It is not enough to just say that you have changed or grown in X, Y, and Z ways as a result of whatever challenge, setback, or failure you have experienced. Just talking about how much you have learned without actually providing a specific and concrete example is not persuasive. So even though you don't need to spend too much time on the subsequent success you have experienced after changing and growing from this negative experience, you should provide a specific and concrete example of the personal growth you have experienced. And the example does not need to be a resounding success that you experienced. It can be an experience that simply demonstrates how you now respond differently to similar situations as a result of everything you have learned. A before-and-after illustration of yourself.
This again highlights the importance of balancing showing and telling in your essay. Too much of one without the other leads to essays that are less than fully compelling. It also highlights the importance of being specific and concrete, which I will emphasize repeatedly in all of my posts. When you write generally and abstractly, your point is not only more difficult to understand but also less memorable. Something very specific and concrete--and vivid--will linger in your reader's memory and imagination and help you stand out immediately.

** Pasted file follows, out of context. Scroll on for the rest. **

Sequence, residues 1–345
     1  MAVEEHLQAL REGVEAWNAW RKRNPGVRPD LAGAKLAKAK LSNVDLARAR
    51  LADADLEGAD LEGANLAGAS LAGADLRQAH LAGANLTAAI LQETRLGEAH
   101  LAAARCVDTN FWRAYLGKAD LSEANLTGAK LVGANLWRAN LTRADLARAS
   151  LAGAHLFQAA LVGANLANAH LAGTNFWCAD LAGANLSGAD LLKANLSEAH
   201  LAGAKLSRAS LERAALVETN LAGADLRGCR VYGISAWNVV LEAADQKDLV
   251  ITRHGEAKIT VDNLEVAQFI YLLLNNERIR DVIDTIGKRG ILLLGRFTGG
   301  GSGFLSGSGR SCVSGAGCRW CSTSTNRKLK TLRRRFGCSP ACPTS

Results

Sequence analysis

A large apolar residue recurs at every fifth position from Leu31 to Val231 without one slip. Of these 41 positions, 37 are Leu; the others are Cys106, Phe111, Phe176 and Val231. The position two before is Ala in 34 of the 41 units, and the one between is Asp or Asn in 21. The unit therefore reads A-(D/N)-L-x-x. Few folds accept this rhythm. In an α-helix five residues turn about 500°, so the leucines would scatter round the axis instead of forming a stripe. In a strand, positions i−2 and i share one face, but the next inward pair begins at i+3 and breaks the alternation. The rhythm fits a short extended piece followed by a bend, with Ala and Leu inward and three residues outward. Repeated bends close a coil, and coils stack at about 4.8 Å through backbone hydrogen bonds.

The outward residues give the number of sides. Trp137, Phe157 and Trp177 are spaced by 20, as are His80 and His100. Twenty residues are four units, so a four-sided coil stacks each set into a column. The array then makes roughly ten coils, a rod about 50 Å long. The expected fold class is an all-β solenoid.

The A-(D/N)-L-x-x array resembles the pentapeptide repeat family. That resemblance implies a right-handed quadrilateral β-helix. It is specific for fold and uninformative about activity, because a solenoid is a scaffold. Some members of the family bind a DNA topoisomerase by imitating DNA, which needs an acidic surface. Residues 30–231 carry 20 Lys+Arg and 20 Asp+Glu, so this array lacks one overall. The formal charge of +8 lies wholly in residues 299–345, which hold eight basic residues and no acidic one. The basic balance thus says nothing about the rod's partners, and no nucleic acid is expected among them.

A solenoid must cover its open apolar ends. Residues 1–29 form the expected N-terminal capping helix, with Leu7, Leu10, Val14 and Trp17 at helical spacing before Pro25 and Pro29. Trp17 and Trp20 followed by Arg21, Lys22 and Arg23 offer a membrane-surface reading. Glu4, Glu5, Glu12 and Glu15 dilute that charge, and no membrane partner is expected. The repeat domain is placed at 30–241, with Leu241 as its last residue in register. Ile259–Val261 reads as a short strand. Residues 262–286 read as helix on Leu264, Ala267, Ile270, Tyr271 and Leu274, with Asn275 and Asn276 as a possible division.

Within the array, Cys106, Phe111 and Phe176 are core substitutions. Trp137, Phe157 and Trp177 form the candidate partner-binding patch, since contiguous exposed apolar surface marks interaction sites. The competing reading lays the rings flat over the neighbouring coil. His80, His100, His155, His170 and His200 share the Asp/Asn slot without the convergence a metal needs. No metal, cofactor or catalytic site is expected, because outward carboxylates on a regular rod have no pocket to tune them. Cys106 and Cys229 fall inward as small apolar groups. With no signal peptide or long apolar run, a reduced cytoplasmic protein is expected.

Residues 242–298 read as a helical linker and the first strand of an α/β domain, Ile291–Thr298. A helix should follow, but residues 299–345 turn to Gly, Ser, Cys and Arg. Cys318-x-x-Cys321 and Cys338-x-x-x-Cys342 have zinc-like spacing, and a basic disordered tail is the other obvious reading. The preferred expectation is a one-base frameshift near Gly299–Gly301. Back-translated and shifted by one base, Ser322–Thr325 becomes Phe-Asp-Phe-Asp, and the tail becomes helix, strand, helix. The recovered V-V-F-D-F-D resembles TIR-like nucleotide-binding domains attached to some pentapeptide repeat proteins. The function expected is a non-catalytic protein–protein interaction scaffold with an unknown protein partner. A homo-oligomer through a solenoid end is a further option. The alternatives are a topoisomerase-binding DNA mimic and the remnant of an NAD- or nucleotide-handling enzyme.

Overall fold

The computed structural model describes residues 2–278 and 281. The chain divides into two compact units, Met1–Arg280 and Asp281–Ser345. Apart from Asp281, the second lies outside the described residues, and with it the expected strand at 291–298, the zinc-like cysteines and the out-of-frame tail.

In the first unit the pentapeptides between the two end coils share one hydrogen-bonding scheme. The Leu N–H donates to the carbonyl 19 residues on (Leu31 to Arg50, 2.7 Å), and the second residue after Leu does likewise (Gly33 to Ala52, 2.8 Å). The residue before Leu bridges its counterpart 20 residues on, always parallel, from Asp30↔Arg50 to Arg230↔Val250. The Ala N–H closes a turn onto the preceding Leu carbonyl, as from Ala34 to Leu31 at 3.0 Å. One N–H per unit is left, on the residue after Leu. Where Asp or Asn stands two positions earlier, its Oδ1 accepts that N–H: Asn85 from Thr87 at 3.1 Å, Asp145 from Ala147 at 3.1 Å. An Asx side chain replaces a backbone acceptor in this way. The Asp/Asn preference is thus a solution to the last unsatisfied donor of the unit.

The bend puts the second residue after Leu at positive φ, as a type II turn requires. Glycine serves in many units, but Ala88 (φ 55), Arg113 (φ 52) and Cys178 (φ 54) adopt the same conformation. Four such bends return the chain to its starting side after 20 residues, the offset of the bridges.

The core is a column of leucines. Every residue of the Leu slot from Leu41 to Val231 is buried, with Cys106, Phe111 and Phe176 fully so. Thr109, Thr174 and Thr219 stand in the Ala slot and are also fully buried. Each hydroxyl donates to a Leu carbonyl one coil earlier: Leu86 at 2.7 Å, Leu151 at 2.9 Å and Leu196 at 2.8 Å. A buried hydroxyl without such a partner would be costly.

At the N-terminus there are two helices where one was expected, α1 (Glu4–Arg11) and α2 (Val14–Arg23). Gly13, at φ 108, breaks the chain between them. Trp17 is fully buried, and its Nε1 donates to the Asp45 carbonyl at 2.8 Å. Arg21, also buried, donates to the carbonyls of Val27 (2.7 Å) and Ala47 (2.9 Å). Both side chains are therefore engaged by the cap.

Let's take a silly but simple example. Suppose you write your essay about a relationship failure where you got really angry and said some very hurtful things to a friend. And let's say that you write in your essay about how this experience made you feel very bad and how you learned that you needed to manage your anger more effectively and develop greater patience and understanding for others. A mediocre essay stops there. A stronger essay might provide an example of how you actually applied these lessons learned. For example, maybe a month after this incident, you had an opportunity to exercise greater restraint with your friend. Maybe your friend was provoking you. But instead of lashing out, like you did previously, maybe you employed some new tactics to maintain better self-control. Maybe you picked up a counting technique that allowed your anger to subside before you spoke--and you describe this in your essay. Maybe you carried a stress ball or smooth stone that calmed you down--and you vividly represent your hand finding relief through this object. Maybe you learned a new technique in listening and responding, focusing on repeating others' words back to them as a means of improving understanding and communication--and you use dialogue in your essay to show this. These examples may not necessarily be groundbreaking "successes," but they do demonstrate specifically and concretely how you changed and grew from your initial experiences. Be honest and vulnerable and show your personal evolution, and be ready to experience extraordinary success with your essay.